On the weekend of Aug. 22-23, the "Proetnica" interethnic festival in Sighisoara, Romania will feature a exhibit of photographs of synagogues in southern Transylvania, taken by Christian Binder.
Venue for the exhibit is the lovely synagogue in Sighisoara, at Str. Tache Ionescu 13.
According to the press release, the exhibit "attempts to capture the interesting transitional stage in which Romania now finds itself – with the entrance of outside, foreign investors and NGOs, some synagogues have been or are being restored and turned into cultural centres or finding other alternative uses. Others remain abandoned, often assuming a central location in the town's centre, an evocative, stubborn reminder of recent past – and of today's reluctance to address Romania's troubled relationship with this history. The questions are numerous – what will become of these buildings now that they can be used again? Will their respective towns take responsibility for their upkeep, how can they be integrated into a long-term plan for urban or rural renewal? And how can the countless still decrepit synagogues, many of significant historical and architectural value, be incorporated into a systematic and far-reaching plan for commemorating and celebrating a culture formerly a vibrant part of Romania's multi-cultural existence?"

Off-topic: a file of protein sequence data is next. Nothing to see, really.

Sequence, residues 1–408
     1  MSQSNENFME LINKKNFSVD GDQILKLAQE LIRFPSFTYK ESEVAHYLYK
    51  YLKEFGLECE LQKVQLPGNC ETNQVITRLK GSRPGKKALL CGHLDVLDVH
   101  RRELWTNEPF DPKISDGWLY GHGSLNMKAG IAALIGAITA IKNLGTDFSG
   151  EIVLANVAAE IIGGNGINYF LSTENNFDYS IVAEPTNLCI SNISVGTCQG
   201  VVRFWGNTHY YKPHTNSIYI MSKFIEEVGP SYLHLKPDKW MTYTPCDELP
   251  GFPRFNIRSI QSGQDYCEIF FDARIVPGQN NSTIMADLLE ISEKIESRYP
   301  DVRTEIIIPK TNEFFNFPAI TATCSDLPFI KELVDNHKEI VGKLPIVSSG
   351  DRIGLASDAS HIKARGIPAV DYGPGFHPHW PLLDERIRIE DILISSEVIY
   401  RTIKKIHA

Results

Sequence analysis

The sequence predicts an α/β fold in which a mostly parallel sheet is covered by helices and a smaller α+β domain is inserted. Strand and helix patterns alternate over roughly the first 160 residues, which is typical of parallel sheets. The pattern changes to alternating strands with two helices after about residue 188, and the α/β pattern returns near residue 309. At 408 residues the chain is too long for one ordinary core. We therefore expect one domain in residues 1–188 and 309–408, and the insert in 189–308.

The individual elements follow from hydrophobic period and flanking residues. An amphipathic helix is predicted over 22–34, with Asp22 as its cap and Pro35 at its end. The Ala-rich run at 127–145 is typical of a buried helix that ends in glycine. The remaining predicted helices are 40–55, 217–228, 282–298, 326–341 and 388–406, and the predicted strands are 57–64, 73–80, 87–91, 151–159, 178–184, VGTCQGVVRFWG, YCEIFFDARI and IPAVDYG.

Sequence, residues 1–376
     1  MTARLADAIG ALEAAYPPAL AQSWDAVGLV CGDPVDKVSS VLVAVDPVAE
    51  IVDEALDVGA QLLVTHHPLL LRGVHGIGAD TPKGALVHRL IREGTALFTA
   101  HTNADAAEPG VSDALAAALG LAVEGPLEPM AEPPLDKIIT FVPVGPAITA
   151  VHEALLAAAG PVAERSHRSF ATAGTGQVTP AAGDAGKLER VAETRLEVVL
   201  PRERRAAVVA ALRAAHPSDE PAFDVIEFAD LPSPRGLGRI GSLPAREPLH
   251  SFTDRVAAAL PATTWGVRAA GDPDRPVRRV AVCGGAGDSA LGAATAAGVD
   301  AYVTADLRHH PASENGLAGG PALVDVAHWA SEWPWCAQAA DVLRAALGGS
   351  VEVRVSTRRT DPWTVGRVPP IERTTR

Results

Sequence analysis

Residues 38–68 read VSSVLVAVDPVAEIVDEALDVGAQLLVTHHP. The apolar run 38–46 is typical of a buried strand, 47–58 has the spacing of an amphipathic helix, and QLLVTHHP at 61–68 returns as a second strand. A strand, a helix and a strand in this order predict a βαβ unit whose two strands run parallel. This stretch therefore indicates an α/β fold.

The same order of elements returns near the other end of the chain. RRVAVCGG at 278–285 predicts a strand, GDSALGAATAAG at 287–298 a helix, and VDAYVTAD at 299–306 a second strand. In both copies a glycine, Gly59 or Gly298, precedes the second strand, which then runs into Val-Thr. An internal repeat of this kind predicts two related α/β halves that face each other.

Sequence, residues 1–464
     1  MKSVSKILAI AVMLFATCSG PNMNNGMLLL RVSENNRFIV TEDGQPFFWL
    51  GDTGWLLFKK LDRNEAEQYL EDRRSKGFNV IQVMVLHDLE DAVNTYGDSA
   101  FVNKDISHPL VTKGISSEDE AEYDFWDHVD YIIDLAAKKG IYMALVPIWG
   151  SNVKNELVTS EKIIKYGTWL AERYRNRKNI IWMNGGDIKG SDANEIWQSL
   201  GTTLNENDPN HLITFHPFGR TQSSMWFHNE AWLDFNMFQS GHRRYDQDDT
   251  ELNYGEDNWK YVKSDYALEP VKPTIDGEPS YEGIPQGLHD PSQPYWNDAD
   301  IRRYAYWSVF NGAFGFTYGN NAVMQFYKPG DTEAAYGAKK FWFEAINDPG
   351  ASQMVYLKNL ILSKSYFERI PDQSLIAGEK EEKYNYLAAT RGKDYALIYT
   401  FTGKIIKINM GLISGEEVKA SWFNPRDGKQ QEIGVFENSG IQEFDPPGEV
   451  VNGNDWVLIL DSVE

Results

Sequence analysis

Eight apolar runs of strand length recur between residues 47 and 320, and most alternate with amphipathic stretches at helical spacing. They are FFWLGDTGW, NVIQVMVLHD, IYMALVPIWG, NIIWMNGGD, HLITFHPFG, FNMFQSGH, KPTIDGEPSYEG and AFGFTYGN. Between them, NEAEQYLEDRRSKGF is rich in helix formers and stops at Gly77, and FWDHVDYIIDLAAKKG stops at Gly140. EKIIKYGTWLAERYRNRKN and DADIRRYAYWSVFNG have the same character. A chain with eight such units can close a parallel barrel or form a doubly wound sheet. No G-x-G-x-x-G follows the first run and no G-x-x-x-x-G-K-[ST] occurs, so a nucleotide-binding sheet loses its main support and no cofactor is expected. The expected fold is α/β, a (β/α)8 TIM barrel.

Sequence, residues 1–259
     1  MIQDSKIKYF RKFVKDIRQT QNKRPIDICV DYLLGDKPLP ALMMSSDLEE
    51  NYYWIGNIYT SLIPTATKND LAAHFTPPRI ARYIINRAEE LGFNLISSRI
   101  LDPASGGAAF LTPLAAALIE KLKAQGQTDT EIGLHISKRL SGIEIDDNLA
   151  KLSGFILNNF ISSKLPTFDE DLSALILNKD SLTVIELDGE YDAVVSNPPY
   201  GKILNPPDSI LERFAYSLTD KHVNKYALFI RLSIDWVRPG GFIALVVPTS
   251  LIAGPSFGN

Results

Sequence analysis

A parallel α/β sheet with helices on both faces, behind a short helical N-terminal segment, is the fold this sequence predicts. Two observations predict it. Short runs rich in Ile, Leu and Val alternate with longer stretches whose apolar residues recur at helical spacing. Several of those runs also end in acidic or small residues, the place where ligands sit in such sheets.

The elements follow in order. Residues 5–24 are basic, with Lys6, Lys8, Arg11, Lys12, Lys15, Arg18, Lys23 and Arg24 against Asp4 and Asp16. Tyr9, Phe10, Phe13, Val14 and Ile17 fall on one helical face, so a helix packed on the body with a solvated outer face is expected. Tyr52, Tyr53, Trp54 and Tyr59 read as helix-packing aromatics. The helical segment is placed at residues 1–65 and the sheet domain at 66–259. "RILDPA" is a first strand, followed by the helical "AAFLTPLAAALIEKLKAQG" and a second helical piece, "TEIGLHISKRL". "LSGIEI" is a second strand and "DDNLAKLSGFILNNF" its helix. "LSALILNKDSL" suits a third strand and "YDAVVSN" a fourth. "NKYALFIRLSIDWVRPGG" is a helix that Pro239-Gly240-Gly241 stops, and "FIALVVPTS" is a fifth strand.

(Facade of the synagogue in Alba Iulia, Romania. (c) Ruth Ellen Gruber, 2006)
About 10,000 Jews live in Romania, about half in Bucharest, the rest scattered in many small and very small communities. The number is inexact, as community membership may include non-Jewish spouses and family members.
As many as 100 synagogue buildings still stand in Romania, in one form or another. While many are in poor repair, about 50 are used at least occasionally for religious services and a number of them are listed as historic monuments. In addition, there are more than 800 Jewish cemeteries in Romania. (I have posted photo galleries of several Jewish heritage sites in Romania on my web site.)